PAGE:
The First 24 Hours
(2002) - ISIS
by Brad Pilcher of The Digital Bits
Disc Ratings (Video/Audio/Extras): A/A/C
Specs and Features
41 mins (30 min. Expanded Version, plus 11 min. Original Version),
NR, letterboxed widescreen (1:85:1), 16x9 enhanced, single-sided,
single-layered, Amaray keep case packaging, photo gallery,
film-themed menu screens, scene access (none), languages: English
(DD 2.0), subtitles: none
honestly not sure what I think of this film. On the one hand, you
could argue this is lazy filmmaking, but it really isn't. On the
other, you could argue that it's boring to sit through, but at a
scant 30 minutes in its longest form that isn't true either. That
doesn't even mention the gripping nature of the subject material.
The film is WTC: The First 24 Hours,
which was featured at the Sundance Film Festival and features raw
footage from the first twenty-four hours after the attack on the
World Trade Center, when director Etienne Sauret rushed to film the
scene. The original short was just over ten minutes, though it was
later expanded into a half-hour documentary.
What the filmmakers did was particularly interesting, and some
argue poignant. They shot this footage first-hand, but they
absolutely refused to add anything to it. Watching this, you'll see
no narration, no score, no nothing. Just raw footage edited together
with occasional title cards to indicate what period of the
twenty-four hours you're looking at. The only sound is natural
sound, and it manages to pique the sheer discomfort of it all.
Adding to this fact is that you haven't even got standard bookends.
Beginning AFTER the attacks, you never see the jets actually hit the
buildings. From the very first frame you're thrust into a horrific
aftermath that is Ground Zero, and right up until the end there is
nothing - not one drop of cinematic interference - to give you
guidance or comfort.
Just what are we to make of this film? If the subject matter
weren't so personal for so many of us, it would be the perfect film
from which to discuss the merit of pure objective documentary,
devoid of all cinematic pretexts or editorializing. But as tempting
as it might be, it's simply hard to have that discussion. You're
drawn, with every frame and every discomforting siren, back to the
images themselves. The premise here is that the visual record speaks
for itself, and quite simply it does. So much of what has been
produced in the months since September 11 has tried to say something
about the day, about the attacks, and about what has come after
them. The military response, the news analysts giving their spin,
the politicians, etc. have all managed to cushion us. We've found
comfort in memorials. But this film is less a memorial and more a
clarion call to remember what New York was on that day.
It is bitterly difficult to watch, even after all these months, the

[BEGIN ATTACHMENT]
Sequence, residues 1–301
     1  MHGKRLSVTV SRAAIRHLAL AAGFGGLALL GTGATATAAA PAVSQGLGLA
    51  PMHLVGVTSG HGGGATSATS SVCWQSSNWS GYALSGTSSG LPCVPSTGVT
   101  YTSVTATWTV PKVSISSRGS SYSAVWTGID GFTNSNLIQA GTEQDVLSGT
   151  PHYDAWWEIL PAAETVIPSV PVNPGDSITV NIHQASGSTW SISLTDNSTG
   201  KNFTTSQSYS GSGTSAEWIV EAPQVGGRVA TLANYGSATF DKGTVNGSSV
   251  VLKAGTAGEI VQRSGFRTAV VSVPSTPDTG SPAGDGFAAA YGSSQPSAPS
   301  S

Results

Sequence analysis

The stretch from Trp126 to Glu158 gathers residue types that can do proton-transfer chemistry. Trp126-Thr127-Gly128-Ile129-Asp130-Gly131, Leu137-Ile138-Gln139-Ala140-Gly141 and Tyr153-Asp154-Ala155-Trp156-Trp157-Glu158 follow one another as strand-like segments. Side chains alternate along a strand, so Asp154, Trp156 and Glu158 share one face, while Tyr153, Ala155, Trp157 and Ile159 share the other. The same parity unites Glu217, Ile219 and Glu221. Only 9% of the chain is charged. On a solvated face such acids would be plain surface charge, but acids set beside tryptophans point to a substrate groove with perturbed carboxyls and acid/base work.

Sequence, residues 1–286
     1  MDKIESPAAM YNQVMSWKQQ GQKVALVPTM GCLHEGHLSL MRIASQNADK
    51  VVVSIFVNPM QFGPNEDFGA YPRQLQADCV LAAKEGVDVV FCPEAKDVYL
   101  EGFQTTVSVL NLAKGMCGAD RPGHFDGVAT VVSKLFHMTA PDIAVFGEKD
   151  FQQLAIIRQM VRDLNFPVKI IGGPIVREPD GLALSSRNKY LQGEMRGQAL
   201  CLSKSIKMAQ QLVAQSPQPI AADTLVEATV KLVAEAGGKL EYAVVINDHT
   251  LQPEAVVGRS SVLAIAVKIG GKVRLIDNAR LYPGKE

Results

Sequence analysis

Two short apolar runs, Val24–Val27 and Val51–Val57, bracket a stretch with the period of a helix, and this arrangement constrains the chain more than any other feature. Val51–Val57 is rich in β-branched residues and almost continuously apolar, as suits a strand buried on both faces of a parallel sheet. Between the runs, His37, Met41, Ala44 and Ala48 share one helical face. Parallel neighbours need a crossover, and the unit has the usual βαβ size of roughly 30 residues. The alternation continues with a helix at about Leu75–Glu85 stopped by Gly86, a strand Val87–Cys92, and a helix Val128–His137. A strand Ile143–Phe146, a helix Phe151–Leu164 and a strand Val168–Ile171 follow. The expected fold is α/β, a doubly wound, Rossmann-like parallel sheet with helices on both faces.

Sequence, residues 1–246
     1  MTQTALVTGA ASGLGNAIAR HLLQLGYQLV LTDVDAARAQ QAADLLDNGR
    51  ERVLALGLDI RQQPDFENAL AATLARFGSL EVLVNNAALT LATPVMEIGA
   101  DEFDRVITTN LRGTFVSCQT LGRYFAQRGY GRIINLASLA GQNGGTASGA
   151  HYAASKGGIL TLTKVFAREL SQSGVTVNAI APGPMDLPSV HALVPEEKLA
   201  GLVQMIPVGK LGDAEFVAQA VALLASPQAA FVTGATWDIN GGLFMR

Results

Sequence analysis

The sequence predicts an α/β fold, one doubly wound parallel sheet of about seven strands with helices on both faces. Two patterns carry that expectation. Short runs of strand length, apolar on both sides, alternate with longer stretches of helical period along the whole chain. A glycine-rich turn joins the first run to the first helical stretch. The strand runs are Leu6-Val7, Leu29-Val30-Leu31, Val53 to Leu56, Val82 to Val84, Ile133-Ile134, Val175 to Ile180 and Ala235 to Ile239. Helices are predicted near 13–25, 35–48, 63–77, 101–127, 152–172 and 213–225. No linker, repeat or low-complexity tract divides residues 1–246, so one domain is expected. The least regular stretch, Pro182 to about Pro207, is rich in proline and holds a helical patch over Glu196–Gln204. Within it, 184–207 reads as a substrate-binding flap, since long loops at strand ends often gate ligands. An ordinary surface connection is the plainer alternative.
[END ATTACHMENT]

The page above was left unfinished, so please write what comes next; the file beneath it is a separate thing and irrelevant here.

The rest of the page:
war zone that was downtown NYC from the morning of September 11 till
the morning of September 12. The images of solitary gray figures
wandering through rubble, whole blocks turned into scenes out of a
World War II newsreel, and empty restaurants with only TVs left on
to give them life, they all sear right back at us no matter how much
distance we gain. This is the power and the purpose of this
documentary, and I can't help but salute it for its bold
effectiveness. The sadness and thought it provokes, however, causes
me only to sit in silence struggling for ways to describe what I
feel about this portrayal.
In DVD form, we're given both the original and extended versions.
As was mentioned previously, neither are very long, yet they seem to
take an eternity. The video quality is impressive, all things
considered. This is raw footage shot with a Sony HDCAM, and it's a
crisp record of a world awash in gray and white, blue and black.
This is as good as this kind of footage gets, folks. The audio is
equally sharp, allowing us to hear every voice, every TV reporter
blaring through the box, every siren and machine in their purest
form. It's really as if you are there, and on DVD you're getting the
very finest the filmmakers can bring to you.
On this disc, you'll get but one extra, but in this case it's an
important extra. A photo gallery of stills from the film will allow
you to really pick apart these images, gaining their full power and
detail. The things you'll find within them are as powerful as
viewing the film. Once you're done, you'll have to go back and view
it again. It really seems like there's so little here on paper, but
once you slide the disc into your player you begin to realize just
how much is there.
A picture is worth a thousand words, and these are worth literally
volumes. I just cannot find those words, as much as I may try.
Perhaps that is the lesson of WTC: The
First 24 Hours. It certainly is one of the most memorable
September 11 documentaries you'll find.